Roche has famously refused to buy into cell therapy, and last year it went as far as trumpeting the fact that its anti-CD79b antibody-drug conjugate polatuzumab vedotin generated efficacy in relapsed lymphoma similar to that of CAR-T therapy. Yesterday the US FDA endorsed the enthusiasm, approving the drug as Polivy for third-line diffuse large B-cell lymphoma in combination with bendamustine. The GO29365 study on which approval is based had shown a remarkable 65% reduction in risk of death (p=0.0008) at the 2017 Ash meeting, but this included some second-line subjects, and the label cites only the overall remission surrogate – 45% versus 18% for bendamustine alone. Polivy is a largely overlooked asset, but Roche will rely on it as part of its haem-onc armamentarium, along with Gazyva, Venclexta and mosunetuzumab. CD79b is part of the B-cell receptor complex, so targeting it offers the possibility of knocking out B cells. A separate Roche asset, DCDS0780A, has yielded impressive monotherapy activity, but is even more obscure than Polivy. The only other industry asset targeting CD79b appears to be Provention Bio/Macrogenics’ PRV-3279; this is in development for lupus on the premise that it can stimulate a negative feedback loop on B cells.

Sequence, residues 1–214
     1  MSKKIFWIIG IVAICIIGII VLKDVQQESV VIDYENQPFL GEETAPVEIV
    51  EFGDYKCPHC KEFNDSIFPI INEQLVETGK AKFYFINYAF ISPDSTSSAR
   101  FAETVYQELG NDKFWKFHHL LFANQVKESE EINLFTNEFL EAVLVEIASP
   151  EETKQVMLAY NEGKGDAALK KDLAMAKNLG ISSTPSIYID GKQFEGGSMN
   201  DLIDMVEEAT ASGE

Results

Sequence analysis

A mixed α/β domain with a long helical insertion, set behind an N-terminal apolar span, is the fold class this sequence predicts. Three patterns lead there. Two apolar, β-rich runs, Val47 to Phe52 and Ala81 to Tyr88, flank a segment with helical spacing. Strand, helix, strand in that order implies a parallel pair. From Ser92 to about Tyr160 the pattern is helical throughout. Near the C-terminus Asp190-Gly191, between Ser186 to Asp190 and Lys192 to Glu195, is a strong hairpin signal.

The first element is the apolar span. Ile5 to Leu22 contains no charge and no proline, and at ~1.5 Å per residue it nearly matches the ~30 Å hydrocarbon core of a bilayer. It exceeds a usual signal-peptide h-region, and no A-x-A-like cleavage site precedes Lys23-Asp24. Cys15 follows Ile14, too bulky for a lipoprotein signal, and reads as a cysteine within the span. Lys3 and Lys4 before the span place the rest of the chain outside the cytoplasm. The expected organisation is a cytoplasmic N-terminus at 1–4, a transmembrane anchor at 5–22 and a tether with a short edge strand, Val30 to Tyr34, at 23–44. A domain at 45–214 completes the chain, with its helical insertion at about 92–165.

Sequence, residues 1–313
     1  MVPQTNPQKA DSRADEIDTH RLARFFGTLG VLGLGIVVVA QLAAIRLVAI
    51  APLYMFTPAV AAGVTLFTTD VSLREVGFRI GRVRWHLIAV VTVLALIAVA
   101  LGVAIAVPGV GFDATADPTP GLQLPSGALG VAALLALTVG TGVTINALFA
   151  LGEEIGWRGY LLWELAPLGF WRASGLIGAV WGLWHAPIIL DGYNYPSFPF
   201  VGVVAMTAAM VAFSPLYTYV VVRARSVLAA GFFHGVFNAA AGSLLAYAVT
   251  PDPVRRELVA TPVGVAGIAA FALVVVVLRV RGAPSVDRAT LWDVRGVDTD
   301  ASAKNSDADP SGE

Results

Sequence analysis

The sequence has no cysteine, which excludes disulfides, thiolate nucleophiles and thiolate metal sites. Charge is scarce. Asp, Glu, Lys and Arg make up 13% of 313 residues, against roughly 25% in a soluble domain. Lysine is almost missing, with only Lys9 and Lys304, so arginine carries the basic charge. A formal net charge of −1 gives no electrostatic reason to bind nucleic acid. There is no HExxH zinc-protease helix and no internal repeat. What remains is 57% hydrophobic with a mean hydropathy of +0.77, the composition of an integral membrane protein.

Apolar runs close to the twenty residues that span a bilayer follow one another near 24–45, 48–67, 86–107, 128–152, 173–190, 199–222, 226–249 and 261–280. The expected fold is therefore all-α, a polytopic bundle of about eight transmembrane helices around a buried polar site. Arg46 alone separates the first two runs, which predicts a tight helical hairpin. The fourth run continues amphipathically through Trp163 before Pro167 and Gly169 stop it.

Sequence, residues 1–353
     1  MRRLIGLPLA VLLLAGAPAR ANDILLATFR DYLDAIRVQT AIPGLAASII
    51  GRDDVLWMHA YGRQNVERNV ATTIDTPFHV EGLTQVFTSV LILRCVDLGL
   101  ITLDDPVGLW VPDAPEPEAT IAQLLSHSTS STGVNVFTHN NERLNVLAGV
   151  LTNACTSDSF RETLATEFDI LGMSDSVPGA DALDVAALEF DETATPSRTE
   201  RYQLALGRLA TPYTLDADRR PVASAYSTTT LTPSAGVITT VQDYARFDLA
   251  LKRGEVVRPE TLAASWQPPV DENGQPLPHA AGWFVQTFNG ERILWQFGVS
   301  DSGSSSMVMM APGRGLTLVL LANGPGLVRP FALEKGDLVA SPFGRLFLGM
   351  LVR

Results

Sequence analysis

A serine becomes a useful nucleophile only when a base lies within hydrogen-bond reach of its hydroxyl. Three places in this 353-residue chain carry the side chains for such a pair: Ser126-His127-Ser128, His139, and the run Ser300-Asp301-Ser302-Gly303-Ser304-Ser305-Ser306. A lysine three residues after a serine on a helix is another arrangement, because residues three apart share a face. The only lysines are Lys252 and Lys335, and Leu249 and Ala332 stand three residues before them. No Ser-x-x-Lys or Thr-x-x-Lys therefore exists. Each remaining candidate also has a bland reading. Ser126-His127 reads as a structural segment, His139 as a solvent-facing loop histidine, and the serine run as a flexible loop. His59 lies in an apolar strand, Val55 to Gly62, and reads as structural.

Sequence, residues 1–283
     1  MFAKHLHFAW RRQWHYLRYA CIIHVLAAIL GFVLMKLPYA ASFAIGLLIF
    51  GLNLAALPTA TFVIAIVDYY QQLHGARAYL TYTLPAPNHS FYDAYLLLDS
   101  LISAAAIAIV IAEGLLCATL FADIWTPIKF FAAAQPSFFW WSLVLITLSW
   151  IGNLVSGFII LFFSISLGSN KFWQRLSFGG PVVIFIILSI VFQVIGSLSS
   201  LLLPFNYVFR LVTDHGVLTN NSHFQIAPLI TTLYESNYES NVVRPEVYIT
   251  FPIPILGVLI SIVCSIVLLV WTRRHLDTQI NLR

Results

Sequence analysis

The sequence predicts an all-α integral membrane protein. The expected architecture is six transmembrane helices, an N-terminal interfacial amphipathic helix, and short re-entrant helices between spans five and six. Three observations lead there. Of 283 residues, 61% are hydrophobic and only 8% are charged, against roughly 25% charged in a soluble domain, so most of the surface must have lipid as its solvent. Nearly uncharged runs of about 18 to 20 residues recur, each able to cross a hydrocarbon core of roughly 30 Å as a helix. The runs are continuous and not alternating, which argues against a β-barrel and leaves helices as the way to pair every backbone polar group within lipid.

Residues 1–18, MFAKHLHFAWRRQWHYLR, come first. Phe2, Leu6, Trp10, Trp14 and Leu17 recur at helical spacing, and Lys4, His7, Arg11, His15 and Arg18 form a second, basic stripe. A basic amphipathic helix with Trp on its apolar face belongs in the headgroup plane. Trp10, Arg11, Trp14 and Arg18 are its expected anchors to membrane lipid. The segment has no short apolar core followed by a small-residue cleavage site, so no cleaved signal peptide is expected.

|Selected industry assets targeting CD79b|
|Polivy||Roche/Seattle Genetics||Anti-CD79b ADC||NCT02257567||mOS 11.8mth vs 4.7mth in ≥2L lymphoma|
|DCDS0780A||Roche||Anti-CD79b Thiomab ADC||NCT02453087||ORR 60% (CR 43%) in DLBCL subgroup|
|PRV-3279||Provention/Macrogenics||Anti-CD32B x CD79b bispecific||NCT02376036||Earlier development by Takeda abandoned; current focus is lupus|